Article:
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For breath and fingers did their works

Unless he makes it demonstration,
(We'ad fingers long before we 'ad forks); Then puts it in some proclamation,
Which made his bands both hard and brawny, With general voice of all the nation."
When wasb’d, of colour orange-tawny.

The company were come, when Vulcan hopping, His whole complexion was a sallow,

And for his key in left-side pocket groping,
Where black had not destroy'd the yellow. Cries, “ 'Tis but opening of that door,
One foot was clump'd, which was the stronger, To prove myself a cuckold, her a whore."
The other spiny, thoagh much longer;

They all desir'd his leave that they might go; So both to the proportion come

They were not curious of so vile a show: Of the fore-finger and the thumb.

Persons concerned might one another see, In short, the whole of him was nasty,

And they'd believe since witnesses were three. Jil-naturd, vain, imperious, hasty :

And they, thus prov'd to be such foolish elves, Deformity alike took place

Might hear, try, judge, and e'en condemn thenBoth in his manners and his face.

selves. Venus had perfect shape and size:

Discretion covers that which it would blame, But then she was not over-wise:

Until some secret blush and hidden shame For sometimes she her knee is crimping, Have cur'd the fault without the noise of fame. To imitate th’ old man in limping.

The work is done: and now let Ovid have Sometimes his dirty paws she scorns,

Some gratitude attending on his grave; Whilst her fair fingers show his horns.

Th' aspiring palm, the verdant laurel strow, But Mars, the bully of the place, is

And sweets of myrtle wreaths around it thruwa The chiefest spark in her good graces.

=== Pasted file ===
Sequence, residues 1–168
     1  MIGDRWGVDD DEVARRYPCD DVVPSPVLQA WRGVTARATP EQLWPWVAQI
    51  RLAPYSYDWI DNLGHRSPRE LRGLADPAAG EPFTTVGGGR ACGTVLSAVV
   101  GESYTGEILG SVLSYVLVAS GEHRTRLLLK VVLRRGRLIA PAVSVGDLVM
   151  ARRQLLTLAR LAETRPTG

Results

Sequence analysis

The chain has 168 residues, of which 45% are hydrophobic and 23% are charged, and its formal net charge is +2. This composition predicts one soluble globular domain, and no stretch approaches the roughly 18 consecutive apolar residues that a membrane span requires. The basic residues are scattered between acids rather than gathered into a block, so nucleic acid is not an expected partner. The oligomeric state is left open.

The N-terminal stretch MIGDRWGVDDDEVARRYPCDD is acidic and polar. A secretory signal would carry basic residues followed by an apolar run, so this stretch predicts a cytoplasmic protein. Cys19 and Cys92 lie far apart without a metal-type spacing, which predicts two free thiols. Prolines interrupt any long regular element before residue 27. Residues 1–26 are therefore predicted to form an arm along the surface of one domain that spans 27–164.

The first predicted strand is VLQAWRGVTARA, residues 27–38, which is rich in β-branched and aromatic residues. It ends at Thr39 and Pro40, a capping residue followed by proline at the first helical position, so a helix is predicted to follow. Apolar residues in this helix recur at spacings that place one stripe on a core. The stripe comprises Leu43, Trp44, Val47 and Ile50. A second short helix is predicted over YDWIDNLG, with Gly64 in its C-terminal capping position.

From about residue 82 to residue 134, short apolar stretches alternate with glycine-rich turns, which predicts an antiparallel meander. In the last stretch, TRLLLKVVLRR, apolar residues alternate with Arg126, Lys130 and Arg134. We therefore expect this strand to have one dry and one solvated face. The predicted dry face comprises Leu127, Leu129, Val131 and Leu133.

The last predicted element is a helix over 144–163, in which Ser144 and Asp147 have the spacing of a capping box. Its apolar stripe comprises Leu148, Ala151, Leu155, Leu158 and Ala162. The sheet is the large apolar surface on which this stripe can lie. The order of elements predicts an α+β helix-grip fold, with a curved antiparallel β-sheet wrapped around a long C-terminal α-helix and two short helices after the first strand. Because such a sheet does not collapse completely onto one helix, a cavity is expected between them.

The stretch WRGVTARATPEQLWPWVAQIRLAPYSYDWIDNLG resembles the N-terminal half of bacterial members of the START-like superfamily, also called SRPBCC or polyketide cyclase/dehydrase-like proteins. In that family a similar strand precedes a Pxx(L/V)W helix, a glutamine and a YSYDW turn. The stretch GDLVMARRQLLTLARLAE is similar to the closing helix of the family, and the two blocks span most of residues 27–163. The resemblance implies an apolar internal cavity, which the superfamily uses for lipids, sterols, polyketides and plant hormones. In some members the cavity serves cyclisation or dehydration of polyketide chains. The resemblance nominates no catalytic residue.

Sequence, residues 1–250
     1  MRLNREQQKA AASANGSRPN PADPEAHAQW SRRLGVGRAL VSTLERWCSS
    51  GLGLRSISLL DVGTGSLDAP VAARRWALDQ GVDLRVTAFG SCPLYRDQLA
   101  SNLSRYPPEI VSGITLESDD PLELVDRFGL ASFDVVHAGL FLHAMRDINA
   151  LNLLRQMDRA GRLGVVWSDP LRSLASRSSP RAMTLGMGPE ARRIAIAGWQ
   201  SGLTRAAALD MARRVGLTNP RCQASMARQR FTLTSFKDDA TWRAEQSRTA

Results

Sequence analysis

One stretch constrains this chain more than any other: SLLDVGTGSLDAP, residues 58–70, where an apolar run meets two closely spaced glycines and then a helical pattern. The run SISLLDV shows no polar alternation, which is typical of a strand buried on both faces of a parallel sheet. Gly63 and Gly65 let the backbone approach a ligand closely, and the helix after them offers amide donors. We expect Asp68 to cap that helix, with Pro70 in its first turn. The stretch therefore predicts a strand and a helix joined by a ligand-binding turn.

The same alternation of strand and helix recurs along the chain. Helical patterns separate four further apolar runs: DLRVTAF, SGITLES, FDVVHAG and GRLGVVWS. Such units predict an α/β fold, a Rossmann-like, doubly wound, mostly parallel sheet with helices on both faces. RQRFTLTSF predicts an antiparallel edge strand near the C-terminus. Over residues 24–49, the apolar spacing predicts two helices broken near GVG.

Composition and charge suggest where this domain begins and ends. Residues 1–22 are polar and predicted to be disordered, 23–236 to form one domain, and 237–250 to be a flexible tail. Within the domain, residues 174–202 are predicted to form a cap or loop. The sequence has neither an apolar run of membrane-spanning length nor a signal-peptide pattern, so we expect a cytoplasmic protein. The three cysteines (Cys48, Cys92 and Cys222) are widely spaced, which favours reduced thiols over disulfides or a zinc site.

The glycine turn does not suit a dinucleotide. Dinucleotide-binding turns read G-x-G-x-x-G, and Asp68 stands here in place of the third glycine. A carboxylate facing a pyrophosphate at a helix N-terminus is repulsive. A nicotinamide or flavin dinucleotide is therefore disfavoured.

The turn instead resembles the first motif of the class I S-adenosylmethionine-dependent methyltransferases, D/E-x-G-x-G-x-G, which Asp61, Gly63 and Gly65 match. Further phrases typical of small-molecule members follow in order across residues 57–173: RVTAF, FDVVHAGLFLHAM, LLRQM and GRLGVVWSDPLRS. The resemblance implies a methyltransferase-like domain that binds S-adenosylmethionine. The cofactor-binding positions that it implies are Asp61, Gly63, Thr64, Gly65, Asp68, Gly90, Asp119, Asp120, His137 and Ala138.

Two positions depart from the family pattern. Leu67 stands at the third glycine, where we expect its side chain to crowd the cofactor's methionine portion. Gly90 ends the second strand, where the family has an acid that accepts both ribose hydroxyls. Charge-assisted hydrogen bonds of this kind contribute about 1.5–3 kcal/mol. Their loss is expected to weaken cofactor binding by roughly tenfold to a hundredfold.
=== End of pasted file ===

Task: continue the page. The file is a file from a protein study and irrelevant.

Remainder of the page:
In physic's art as Podalirius skill'd, At first they're shy, at last grow bolder, Nestor in court, Achilles in the field; And conjugal affection colder.

As Ajax had in single combat force, They card not wbat was said or done,

And as Automedon best rul'd the horse; Till impudence defy'd the Sun.

As Chalcas versed in prophecies from Jove; Vulcan was told of this; quoth he,

So Ovid has the mastership of love. Is there such roguery? I'll see !"

The poet's honour will be much the less He then an iron net prepard,

Than that which by his means you may possess Which he to the bed's tester rear'd;

In choice of beauty's lasting bappiness. Which, when a pulley gave a snap,

But when the Amazonian quits the field, Would fall, and make a cuckold's trap. Let this be wrote on the triumphant shield, All those he plac'd in the best room,

That she by Ovid's art was brought to yield, Then feign'd that he must go from home; When Ovid's thoughts in British style you sety For he at Lemnos forges had,

Which mayn't so sounding as the Roman be; And none but he to mind the trade.

Yet then admittance grant: 'tis fame to me.
Love was too eager to beware
Of falling into any snare.
They went to bed, and so were caught;
And then they of repentance thought.
The show being ready to begin,

PART XI.
Vulcan would call his neighbours in.
Jove should be there, that does make bold

I, who the art of war to Danaans gave,
With Juno, that notorious sco!d ;

Will inake Penthesilea's force as brave: Neptune, first bargeman on the water;

That both, becoming glorious to the sight, Tbetis, the oyster-woman's daughter;

With equal arms may hold a dubious fight, Pluto, that chimney-sweeping sloven;

What though 'twas Vulcan fram'd Achilles' shield, With Proserpine hot from her oven;

My Amazonian darts shall make him yield. And Mercury, that's sharp and cunning A myrtle-crown with victory attends In stealing customs and in running;

Those who are Cupid's and Dione's friends. And Dy the midwife, though a virgin ;

When Beauty has so many arms in store, And Æsculapius, the surgeon;

(Some men will say) why should you give it more! Apollo, who might be physician,

Tell me who, when Penelope appears Or serve them else for a musician.

With constancy maintain'd for twenty years. The piper Pan, to play her up;

Who can the fair Laodamia see And Bacchus, with his chirping cup;

In her lord's arms expire as well as he; And Hercules should bring his club in,

Can view Alcestis, who with joy removes To give the rogue a lusty drubbing;

From Earth, instead of him she so much loves; And all the Cupids should be by,

Can hear of bright Evadne, who, in fires
To see their mother's infamy.